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TSP Featured Articles

Distributed estimation fusion is concerned with the combination of local estimates from multiple distributed sensors to produce a fused result. In this paper, we characterize local estimates as posterior probability densities, and assume that they all belong to a parametric family. Our starting point is to consider this family as a Riemannian manifold by introducing the Fisher information metric.

Linear regression models contaminated by Gaussian noise (inlier) and possibly unbounded sparse outliers are common in many signal processing applications. Sparse recovery inspired robust regression (SRIRR) techniques are shown to deliver high-quality estimation performance in such regression models. Unfortunately, most SRIRR techniques assume a priori knowledge of noise statistics like inlier noise variance or outlier statistics like number of outliers.

Recently, many sparse arrays have been proposed to increase the number of degrees of freedom for direction of arrival (DoA) estimation especially for circular signals. Though many practical signals are noncircular, still the properties of noncircularity are hardly exploited in the design of sparse linear arrays. A new array geometry for noncircular signals, which significantly increases the aperture of the virtual array, has been proposed in this paper. 

Various signal processing applications can be expressed as large-scale optimization problems with a composite objective structure, where the Lipschitz constant of the smooth part gradient is either not known, or its local values may only be a fraction of the global value. The smooth part may be strongly convex as well. The algorithms capable of addressing this problem class in its entirety are black-box accelerated first-order methods, related to either Nesterov's Fast Gradient Method or the Accelerated Multistep Gradient Scheme, which were developed and analyzed using the estimate sequence mathematical framework.

Incorporating graphs in the analysis of multivariate signals is becoming a standard way to understand the interdependency of activity recorded at different sites. The new research frontier in this direction includes the important problem of how to assess dynamic changes of signal activity. We address this problem in a novel way by defining the graph-variate signal alongside methods for its analysis.

In this paper, four iterative algorithms for learning analysis operators are presented. They are built upon the same optimization principle underlying both Analysis K-SVD and Analysis SimCO. The forward and sequential analysis operator learning (AOL) algorithms are based on projected gradient descent with optimally chosen step size. The implicit AOL algorithm is inspired by the implicit Euler scheme for solving ordinary differential equations and does not require to choose a step size.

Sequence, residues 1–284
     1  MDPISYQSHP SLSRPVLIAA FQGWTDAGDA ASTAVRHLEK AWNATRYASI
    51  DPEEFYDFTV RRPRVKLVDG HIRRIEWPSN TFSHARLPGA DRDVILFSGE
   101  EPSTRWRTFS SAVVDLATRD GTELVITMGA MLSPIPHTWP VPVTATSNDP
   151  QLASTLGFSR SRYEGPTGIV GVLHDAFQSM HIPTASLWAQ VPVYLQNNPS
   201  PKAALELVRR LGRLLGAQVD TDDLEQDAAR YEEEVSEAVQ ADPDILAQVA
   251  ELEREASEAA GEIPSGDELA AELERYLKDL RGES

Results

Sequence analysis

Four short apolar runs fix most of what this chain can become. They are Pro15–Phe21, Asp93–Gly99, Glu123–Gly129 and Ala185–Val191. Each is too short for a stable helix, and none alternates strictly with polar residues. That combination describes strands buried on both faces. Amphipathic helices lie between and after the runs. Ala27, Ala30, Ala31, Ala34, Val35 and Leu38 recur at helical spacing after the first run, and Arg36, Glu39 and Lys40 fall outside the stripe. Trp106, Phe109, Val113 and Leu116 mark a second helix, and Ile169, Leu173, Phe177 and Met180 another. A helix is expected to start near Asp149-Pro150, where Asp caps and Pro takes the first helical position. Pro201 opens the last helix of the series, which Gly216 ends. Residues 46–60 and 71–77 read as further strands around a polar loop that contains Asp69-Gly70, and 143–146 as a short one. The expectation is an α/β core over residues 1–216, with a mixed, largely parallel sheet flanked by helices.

We generalize the 1-bit matrix completion problem to higher order tensors. Consider a rank- r order- d tensorT in RN ××RN  with bounded entries. We show that when r=O(1) , such a tensor can be estimated efficiently from only m=Or (Nd)  binary measurements. This shows that the sample complexity of recovering a low-rank tensor from 1-bit measurements of a subset of its entries is roughly the same as recovering it from unquantized measurements—a result that had been known only in the matrix case, i.e., when d=2.

In this paper, learning of tree-structured Gaussian graphical models from distributed data is addressed. In our model, samples are stored in a set of distributed machines where each machine has access to only a subset of features. A central machine is then responsible for learning the structure based on received messages from the other nodes. We present a set of communication-efficient strategies, which are theoretically proved to convey sufficient information for reliable learning of the structure.

Extracting information from a signal exhibiting damped resonances is a challenging task in many practical cases due to the presence of noise and high attenuation. The interpretation of the signal relies on a model whose order (i.e., the number of resonances) is in general unknown.

Classical algorithms for the multiple measurement vector (MMV) problem assume either independent columns for the solution matrix or certain models of correlation among the columns. The correlation structure in the previous MMV formulation does not capture the signals well for some applications like photoplethysmography (PPG) signal extraction where the signals are independent and linearly mixed in a certain manner. In practice, the mixtures of these signals are observed through different channels.

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